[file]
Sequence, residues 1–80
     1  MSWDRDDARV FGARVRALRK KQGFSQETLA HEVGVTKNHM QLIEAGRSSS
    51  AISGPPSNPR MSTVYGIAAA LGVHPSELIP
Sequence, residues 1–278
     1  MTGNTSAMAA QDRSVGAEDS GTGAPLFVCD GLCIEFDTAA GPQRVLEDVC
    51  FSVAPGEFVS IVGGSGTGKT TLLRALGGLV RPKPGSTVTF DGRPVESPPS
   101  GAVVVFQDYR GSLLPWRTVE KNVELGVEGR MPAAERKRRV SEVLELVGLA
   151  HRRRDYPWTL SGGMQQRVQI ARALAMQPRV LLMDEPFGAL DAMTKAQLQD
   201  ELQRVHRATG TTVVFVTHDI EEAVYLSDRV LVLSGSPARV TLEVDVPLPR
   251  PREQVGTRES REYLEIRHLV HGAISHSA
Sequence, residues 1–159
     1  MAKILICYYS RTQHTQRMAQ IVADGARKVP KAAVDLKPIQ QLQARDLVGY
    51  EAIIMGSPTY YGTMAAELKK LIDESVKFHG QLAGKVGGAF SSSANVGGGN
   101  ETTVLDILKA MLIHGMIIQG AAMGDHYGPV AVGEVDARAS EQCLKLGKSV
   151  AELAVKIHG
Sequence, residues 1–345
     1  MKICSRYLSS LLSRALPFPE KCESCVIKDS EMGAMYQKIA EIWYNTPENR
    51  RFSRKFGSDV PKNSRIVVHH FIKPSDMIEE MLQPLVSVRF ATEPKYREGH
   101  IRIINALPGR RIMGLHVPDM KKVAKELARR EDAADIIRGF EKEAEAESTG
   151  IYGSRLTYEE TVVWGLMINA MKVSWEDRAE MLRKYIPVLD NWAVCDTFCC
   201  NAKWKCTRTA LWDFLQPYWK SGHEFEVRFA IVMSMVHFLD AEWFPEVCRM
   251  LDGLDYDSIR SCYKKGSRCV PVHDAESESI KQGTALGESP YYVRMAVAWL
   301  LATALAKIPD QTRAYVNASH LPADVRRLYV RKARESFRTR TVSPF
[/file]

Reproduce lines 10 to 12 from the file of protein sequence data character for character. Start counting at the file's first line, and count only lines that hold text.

   251  PREQVGTRES REYLEIRHLV HGAISHSA
Sequence, residues 1–159
     1  MAKILICYYS RTQHTQRMAQ IVADGARKVP KAAVDLKPIQ QLQARDLVGY